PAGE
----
CISA called for further negotiations with the EU on climate issues

The EU’s proposed CBAM creates a new trade barrier for Chinese exports. This was announced by the China Iron and Steel Association (CISA), informs Reuters.

The organization called for further negotiations with the bloc to resolve climate issues.

«The EU’s unilateral creation of CBAM is essentially a new trade barrier created under the auspices of low-carbon technologies,» CISA said in a comment to Reuters.

The association believes that the mechanism does not take into account the difference in the stages of development of different countries and contradicts the principle of «common but differentiated responsibility».

«Once other countries adopt reciprocal and similar trade protection measures to protect their interests, this will lead to higher trade costs and increased risks of trade disputes,» CISA said.

The association expressed hope that the EU will consider the cost and operational problems that will arise for European steel consumers due to the change in the structure of imports. It is also hoped that the bloc will interact more actively with all stakeholders to jointly solve climate problems.

CBAM will pose a challenge for China, the world’s largest steel exporter, as local production remains more carbon-intensive than in the EU. The mechanism entered into force in October 2023 with a transition period until the end of 2025. During this period, importers will only be required to submit reports. From January 1, 2026, there will be financial obligations for importers: they will be able to import goods into the EU only through an authorized CBAM declarant, who will register the supply in the relevant registers.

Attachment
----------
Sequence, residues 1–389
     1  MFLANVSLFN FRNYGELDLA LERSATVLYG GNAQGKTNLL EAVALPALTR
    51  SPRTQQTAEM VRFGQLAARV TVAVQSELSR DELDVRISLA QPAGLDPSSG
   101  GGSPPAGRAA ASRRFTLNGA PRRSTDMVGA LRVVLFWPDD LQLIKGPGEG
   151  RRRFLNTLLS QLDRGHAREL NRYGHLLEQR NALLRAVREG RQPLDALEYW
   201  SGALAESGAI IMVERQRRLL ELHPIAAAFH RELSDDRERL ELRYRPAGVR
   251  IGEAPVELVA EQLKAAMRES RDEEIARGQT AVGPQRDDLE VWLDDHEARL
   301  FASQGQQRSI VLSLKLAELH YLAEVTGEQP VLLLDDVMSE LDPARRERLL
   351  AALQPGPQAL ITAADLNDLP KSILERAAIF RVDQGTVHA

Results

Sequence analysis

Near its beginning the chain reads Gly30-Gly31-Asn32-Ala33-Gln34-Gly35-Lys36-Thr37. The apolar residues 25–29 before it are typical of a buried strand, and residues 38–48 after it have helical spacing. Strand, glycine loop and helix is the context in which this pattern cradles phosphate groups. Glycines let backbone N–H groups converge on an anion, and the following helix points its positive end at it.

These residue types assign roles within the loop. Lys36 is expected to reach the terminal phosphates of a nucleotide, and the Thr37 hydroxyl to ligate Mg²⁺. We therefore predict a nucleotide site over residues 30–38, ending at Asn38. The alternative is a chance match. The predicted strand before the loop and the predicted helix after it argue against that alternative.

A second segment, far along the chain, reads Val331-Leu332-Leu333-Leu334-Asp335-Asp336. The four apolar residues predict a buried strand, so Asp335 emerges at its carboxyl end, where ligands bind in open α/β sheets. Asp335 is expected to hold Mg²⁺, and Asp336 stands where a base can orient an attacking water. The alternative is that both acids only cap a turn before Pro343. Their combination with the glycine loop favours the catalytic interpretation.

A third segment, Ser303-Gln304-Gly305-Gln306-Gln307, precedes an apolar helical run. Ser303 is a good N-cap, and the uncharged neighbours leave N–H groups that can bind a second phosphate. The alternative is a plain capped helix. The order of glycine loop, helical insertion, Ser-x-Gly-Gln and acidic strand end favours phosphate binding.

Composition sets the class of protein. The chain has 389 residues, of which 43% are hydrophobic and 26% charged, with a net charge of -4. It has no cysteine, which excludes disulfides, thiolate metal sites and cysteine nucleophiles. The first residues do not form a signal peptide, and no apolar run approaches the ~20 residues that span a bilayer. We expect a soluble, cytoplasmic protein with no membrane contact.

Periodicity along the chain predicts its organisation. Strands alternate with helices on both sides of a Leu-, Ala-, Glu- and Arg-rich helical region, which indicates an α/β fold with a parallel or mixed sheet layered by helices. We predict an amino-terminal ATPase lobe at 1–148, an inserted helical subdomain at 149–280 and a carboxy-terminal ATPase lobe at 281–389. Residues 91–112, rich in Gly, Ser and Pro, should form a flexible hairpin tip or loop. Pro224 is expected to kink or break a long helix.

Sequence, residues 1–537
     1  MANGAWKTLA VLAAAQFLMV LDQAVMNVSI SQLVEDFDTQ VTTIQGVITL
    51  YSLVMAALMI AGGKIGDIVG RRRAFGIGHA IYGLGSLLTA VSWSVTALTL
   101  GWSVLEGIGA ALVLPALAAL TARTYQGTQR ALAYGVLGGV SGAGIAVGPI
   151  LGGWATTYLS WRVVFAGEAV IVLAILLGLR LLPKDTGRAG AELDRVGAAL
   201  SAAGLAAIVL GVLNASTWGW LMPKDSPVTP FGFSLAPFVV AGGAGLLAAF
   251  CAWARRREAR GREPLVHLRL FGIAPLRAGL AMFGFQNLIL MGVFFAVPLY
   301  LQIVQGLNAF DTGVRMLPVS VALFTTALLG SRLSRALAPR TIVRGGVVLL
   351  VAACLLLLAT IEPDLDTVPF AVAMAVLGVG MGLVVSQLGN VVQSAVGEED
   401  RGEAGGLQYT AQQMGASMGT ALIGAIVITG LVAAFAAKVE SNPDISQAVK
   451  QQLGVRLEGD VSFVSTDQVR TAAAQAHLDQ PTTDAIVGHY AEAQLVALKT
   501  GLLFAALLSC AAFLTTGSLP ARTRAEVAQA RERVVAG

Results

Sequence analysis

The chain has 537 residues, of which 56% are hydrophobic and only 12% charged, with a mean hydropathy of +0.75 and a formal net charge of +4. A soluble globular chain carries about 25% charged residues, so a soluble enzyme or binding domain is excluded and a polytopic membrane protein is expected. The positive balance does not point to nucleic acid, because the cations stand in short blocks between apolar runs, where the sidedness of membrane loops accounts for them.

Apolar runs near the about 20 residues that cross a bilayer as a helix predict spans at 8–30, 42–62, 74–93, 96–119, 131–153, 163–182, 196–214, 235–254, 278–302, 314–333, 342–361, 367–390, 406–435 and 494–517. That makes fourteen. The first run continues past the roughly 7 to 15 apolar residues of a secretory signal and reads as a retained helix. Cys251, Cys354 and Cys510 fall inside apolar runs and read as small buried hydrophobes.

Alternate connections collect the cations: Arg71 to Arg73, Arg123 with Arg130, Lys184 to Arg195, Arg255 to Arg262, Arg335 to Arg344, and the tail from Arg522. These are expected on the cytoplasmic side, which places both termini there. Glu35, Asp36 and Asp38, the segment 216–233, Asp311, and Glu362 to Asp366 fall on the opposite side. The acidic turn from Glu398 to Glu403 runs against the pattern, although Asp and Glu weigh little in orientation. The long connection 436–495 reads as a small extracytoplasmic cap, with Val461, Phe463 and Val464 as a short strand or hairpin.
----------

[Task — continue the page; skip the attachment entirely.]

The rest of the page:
CBAM aims to put EU producers and foreign competitors on a level playing field to prevent European production from moving to regions with less stringent environmental regulations.

However, it will also increase the cost of steel products supplied to the EU, weakening China’s price competitiveness. The mechanism is likely to increase the country’s export costs for steel products by 4-6%, the association’s vice-chairman Jiang Wei said at the end of October.

As GMK Center reported earlier, China called on the EU to ensure compliance of new CBAM to the rules of the World Trade Organization and not to go beyond the agreed policy of global green trade. According to the spokesperson of the Chinese Commerce Department, within the framework of the WTO, the country is ready to work with all parties to promote a multilateral discussion on environmental trade.